When I was growing up, and to this day, my family had a Christmas tradition that was unusual. I say that because when asked what we did “on Christmas” there was always a degree of shock in the asker when the answer was, “we spent all day opening packages.”
Maybe people thought we had SOOO many gifts it took us all day to get through them, but that wasn’t/isn’t the case. We didn’t have a big family — mother, stepdad, sister and me — we had a ritual. A couple of them actually.
The first was Christmas eve where we had lasagne for dinner and then arranged packages around the tree. When all was in the most “artistic” arrangement, we turned off the lights except for candles and tree lights, got some egg nog and sat listening to Christmas music and looking at the beautiful tree. Mormon Tabernacle Choir, Andy Williams’s Christmas album and more recently, Narada’s Medieval type music created a delicious “Christmasy” feeling. Mostly we just looked and sipped and listened and didn’t do too much talking.
All of that, I understand now, are typically introverted pleasures. We were soaking up all the stimuli — tastes, smells, colors, lights, the glory of the tree in the darkness, each individual ornament (and most were unique), the music, the holly berry scent of the candles, maybe a warm blanket…
Next morning we came out, looked at it all and then began our second ritual. One person would be designated the package distributor and each person would receive a gift to open. Then one by one we went around the circle, each opening in turn, noting the paper, ribbon tag, carefully unwrapping the gift in almost the same order it had been wrapped and finally opening the box to reveal the gift within. At which point considerable conversation would ensue, regarding the story of acquiring the gift, or why it was wanted, or other such things, some related and some not… This was not forced on any of our parts. We liked to draw it out and drink it in. To savor and enjoy all aspects of the process.
After a couple of “rounds” we’d go make breakfast and eat it. Then back to finish up the remainder of the packages. By then it was early afternoon and time to start dinner.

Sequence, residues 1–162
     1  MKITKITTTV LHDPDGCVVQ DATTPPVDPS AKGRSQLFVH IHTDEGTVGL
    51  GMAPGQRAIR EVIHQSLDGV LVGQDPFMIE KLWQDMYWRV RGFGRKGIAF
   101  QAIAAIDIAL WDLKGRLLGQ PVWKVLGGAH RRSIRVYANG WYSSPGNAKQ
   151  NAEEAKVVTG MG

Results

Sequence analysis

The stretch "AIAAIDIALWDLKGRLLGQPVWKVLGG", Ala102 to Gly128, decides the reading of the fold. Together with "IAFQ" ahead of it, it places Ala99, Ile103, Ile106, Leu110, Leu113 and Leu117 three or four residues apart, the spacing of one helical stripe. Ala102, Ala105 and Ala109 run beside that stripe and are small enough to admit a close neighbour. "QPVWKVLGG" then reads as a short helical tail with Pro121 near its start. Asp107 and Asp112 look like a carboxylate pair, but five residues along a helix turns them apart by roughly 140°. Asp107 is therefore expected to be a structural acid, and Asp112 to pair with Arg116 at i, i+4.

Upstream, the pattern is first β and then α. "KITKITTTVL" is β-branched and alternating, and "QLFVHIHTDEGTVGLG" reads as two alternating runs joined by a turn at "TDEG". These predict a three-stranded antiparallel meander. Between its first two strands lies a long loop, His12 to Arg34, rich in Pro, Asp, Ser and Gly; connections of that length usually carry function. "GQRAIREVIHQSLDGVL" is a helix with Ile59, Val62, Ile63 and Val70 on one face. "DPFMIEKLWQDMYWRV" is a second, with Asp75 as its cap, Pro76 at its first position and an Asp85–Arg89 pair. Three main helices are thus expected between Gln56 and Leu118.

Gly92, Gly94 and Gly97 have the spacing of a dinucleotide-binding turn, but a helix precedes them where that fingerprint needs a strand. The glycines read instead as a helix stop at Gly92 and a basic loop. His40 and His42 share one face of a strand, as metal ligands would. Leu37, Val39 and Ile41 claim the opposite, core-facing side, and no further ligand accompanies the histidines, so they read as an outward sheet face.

Given what I’ve seen in movies as well as what seems to have been the holiday modus operandi for most people who I’ve come in contact with is to rip into the gifts in a wild frenzy all at once, the whole thing over in half an hour.
That seemed so terribly unsatisfying to us, but our way certainly did seem to be “weird.” We’ve continued a reduced version of it into adulthood, though my husband being one of those who, growing up in a family with 8 kids, came from the ripping frenzy tradition had some adjusting to do. He has been tremendously gracious in adapting and taking part in the full spirit of the thing (though at times he does grow drowsy!). Anyway, he reported similar responses from people when they asked and he told them how we did it — weird!
Then, a few weeks ago I opened a book call Introvert Power by Laurie Helgoe, the same day I’d received it from Amazon to read this in the Introduction:
“I was number nine out of ten bright, creative, and mostly LOUD kids. My dad, an eccentric genius, had wall-sized speakers in the living room that blared out classical music. When the family sang together, we sang five-part harmonies of the uncompromising Handel’s Messiah. On Christmas Eve, we had a talent show and family service, and later tore into our presents all at once, paper and ribbons flying everywhere and voices crisscrossing the room shouting out “thank you!” and “just what I wanted!” These are happy memories, because there was a part for each of us. But instead of ripping paper and shouting, I sat in my corner with my pile of gifts and handled each as a treasure, slowly and carefully opening them, preserving the paper and lingering in the delight of discovery…..”
Whoa! I was absolutely astounded. There it was. Just what we did, without all the flying paper and yelling!
She went on…
“However, when there were no gifts to open and everyone was competing for airtime, I felt invisible and became overstimulated and anxious. My anxiety was not about the pressure to socialize; there were more than enough bodies to take care of that. I became anxious because I couldn’t think, and, without my own mind, I felt like I was disintegrating. My solution was to retreat to my room and write. In my solitude I could regain contact with myself and become solid again.”
Thankfully I didn’t grow up with nine siblings, but I have certainly felt this sense of being unable to think, especially recently where I’ve had so many things demanding my attention. But the retreating to my room to write and imagine stories… Yes! I couldn’t wait to get home from school and do that. She goes on to say she wrote science fiction (ditto) and developed secret codes (ditto) to share with her sister (I shared with a friend)… the entire introduction continued in this vein, highlighting things about myself I knew existed but had never really recognized as part of introversion. Nor had it ever occurred to me that there were reasons why I was always exhausted after social interactions, even those I enjoyed, and that it wasn’t because I was bad, or defective or just plain ornery, but part of how God made me to be.
I have been so excited to read both this book and the other one I ordered, The Introvert Advantage, and I hope to share a bit of what I’ve learned from them both this week. The challenge will be to distill the most important bits from the wealth of things I could say about it all.